There’s no net zero without biogas, says EU chief
Production of biogas, biomethane and “green” hydrogen will have to increase by at least 1,000% over the next three decades in order to reach the EU’s climate neutrality objective for 2050, a senior EU official has said.
Renewable gases currently supply around 7% of gross inland energy consumption in the EU, said Antonio Lopez-Nicolas, Deputy Head of the Renewable Energy Unit at the Directorate-General for Energy of the European Commission, making them “an important part” of the bloc’s energy mix.
But with Europe now aiming to reach climate neutrality by mid-century that percentage will need to “grow substantially,” he told a EURACTIV event supported by French utility ENGIE in November.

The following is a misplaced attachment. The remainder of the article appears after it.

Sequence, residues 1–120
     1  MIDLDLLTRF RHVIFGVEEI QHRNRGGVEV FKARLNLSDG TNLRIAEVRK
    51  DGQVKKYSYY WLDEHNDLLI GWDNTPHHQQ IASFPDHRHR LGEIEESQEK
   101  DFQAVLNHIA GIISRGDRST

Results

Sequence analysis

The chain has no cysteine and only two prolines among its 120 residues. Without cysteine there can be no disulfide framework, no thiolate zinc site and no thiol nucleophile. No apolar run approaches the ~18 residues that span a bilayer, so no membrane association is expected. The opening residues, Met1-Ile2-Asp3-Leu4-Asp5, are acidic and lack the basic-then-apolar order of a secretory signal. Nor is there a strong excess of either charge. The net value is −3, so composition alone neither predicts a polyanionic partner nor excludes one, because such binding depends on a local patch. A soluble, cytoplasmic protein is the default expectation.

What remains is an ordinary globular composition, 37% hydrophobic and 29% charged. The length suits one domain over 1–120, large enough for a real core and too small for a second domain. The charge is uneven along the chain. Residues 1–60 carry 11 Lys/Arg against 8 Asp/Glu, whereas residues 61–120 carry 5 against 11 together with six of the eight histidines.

Under EU scenarios for 2050, where global warming is kept below 1.5°C, renewable gases “would reach between 50 and 62.5% of today’s gross inland consumption,” Lopez-Nicolas said.
In million tons of oil equivalent, this represents “a big increase from 17 Mtoe to between 200 and 250 Mtoe of renewable gases” – a jump of up to 1,370%.
As ambitious as it sounds, getting there is not impossible, Lopez-Nicolas said. New EU targets on renewables and energy efficiency adopted just over a year ago will facilitate the uptake of renewable gases in sectors such as heating and transport.
However, there was some pushback against the scenario from Green groups and farmers concerned about the issue of food versus fuel and the role of hydrogen.
Follow the link or a full report on the Euractiv/Engie Forum on Renewable Gases: Where do they stand in the EU’s 2050 energy roadmap?
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